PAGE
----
Australian Woman Has Possible Semen Allergy & Yeast Infection or Thrush
Posted Jul 15 2010 12:00am
Question Ever since my partner and I have been having unprotected sex, I have been having a severe reaction straight after he ejaculates in me. It happens almost immediately with swelling internally and externally, burning, and pain for at least the next two hours. If I wash myself quickly sometimes this can help but if I'm too late then the pain continues. Recently I went to the doctor and the possibilities were "thrush, acidity or allergy". I was positive for thrush and commenced treatment. I reacted to the 7 day treatment of miconazole nitrate 2% in a very similar way to the semen. It also made the thrush ten times worse. The same occurred with clotrimazole once only cream and with Nystatin 100,000 i.u 14 day treatment cream (which I stopped at day 4) and then I tried the once tablet fluconazole 150mg which I developed a dry taste in my mouth and then a metal taste and severe abdominal cramping. All these side effects lasted for two weeks at a time. The thrush finally cleared with the tablet.
After having sex again the problem was still there. I then tried taking fexofenadine hydrochloride 180mg tablet half an hour before sex and this reduced the pain from 7/10 compared to 10/10 but the problem was still there. With the acidity part we both tried drinking only water, this didn't change anything. I'm getting married in November and I'm worried. Is there anything we can do? What tests can we get done to determine if I have an allergy to semen? Should I get a referral to a gynecologist? and how can I stop the pain? and if I get thrush again what options do I have left? C. from Australia
Answer Hello C. from Australia,
It is not very common but women can develop an allergy to semen, since it is a protein (medically known as "seminal plasma hypersensitivity"). It is a difficult problem to treat. Basically, you need to use a condom to avoid the contact with the semen. Sometimes, if enough time passes without contact with the semen, the allergy will resolve. Fungal infections (yeast infection) are the most common vaginal infections that women can have. You should be cultured for other bacteria as well to make sure that the symptoms you are having are NOT due to a different type of bacterial infection, and was due to the yeast. I am surprised that you had such a reaction to each of the vaginal medications used. That makes me think that there is something else going on and not a yeast infection. It is also possible that with all the inflammation your vagina is going through, it just has not had any time to heal.
So, I would recommend a natural treatment for the prevention of yeast, which is to use plain yogurt, mix it in a douche bottle (buy a douching kit from the store but DON"T use the vinegar solution given) with half/half water. Then use this to irrigate the vagina 2-3 times per week. This will increase the vaginal bacteria called lactobacillus, which will help to prevent yeast infections.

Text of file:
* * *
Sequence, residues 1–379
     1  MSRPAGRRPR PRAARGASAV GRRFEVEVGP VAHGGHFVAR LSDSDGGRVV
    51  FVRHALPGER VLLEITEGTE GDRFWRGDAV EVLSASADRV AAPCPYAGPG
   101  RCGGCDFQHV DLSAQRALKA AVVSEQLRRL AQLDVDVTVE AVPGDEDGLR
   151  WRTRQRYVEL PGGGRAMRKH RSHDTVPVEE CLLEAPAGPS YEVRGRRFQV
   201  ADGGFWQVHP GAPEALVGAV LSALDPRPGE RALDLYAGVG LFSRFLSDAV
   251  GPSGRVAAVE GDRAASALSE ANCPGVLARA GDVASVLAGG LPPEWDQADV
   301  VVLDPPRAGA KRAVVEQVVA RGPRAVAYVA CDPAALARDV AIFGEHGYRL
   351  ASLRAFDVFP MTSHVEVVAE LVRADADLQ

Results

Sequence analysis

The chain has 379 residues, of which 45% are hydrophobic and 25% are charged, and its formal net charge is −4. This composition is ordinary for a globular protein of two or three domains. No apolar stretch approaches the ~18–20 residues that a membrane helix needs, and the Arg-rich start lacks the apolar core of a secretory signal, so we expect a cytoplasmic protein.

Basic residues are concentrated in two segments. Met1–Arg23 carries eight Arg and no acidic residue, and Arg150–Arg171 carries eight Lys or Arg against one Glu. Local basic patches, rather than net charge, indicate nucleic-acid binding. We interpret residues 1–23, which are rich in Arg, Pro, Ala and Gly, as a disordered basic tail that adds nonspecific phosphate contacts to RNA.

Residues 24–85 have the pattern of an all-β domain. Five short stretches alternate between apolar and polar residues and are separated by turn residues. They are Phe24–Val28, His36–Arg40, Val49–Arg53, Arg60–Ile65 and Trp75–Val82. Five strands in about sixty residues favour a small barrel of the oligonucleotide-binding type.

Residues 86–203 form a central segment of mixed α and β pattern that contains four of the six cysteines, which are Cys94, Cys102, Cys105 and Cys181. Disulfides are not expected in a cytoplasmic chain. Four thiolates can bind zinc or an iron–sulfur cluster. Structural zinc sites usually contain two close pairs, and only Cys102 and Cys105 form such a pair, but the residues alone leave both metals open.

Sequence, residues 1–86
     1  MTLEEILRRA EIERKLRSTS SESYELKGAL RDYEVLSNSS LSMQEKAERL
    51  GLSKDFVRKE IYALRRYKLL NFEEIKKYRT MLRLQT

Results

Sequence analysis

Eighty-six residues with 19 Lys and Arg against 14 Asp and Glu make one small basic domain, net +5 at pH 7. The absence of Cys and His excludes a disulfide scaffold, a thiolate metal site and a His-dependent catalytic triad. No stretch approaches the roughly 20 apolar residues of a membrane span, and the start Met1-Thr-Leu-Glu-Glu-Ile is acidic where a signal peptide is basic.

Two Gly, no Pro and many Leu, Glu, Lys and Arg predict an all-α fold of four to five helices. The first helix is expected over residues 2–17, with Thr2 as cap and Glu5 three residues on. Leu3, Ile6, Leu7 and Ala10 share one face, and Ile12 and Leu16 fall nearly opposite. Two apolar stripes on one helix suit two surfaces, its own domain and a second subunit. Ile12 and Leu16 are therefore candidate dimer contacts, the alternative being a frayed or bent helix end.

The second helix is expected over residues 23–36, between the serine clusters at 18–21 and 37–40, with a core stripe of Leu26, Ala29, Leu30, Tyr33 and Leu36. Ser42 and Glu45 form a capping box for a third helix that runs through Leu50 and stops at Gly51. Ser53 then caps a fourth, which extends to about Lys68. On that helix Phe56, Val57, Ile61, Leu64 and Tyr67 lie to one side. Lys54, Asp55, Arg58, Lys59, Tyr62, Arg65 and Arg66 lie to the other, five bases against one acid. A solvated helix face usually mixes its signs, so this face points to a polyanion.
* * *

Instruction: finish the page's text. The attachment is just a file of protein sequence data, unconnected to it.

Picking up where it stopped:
I would also recommend that you try intercourse with a condom and see if you get any type of vaginal irritation or reaction (unfortunately, when you will eventually try to get pregnant this method will be counter-productive). If you don't, then it is most likely that you have a semen allergy. If you do, then it is unlikely that you have a semen allergy but have something else going on. You should then make sure that your gynecologist does a vaginal culture. If it does look like you have an allergy to semen (the symptoms only occur with ejaculation in the vagina), then you may have to see an allergist to see if there is a way to desensitize you to your husband's semen. Your husband should also see a Urologist to have the semen checked and make sure that it is the correct pH. If it is not, and is more acidic, he may have something going on that needs treatment. It usually is best to see a male fertility specialist rather than a general urologist but there aren't very many so that may be harder. You may also need to be placed on a antihistamine and vaginal steroid to be taken before intercourse to reduce the inflammatory/allergic reaction.
If and when you decide to try to have children, and you do indeed have severe seminal plasma hypersensitivity, then you may have to resort to intra-uterine insemination or IVF. Going this route will allow the semen to be washed free of semen proteins making pregnancy possible by preventing an allergic reaction.
Sorry I can't give more specific information. I hope this will give you some guidance.
Good Luck, Edward J. Ramirez, M.D., FACOG Executive Medical Director The Fertility and Gynecology Center Monterey Bay IVF Program http://www.montereybayivf.com/ Monterey, California, U.S.A.
Comment: Thank you so much for your reply. It is slowly becoming more clearer to me in how to go forward with my allergy to semen. In reply to your note, I do not get any symptoms of irritation when using a condom. I can find some relief in this method at least. And I'm glad to hear of a way to prevent the thrush. Your information has been in depth and very helpful.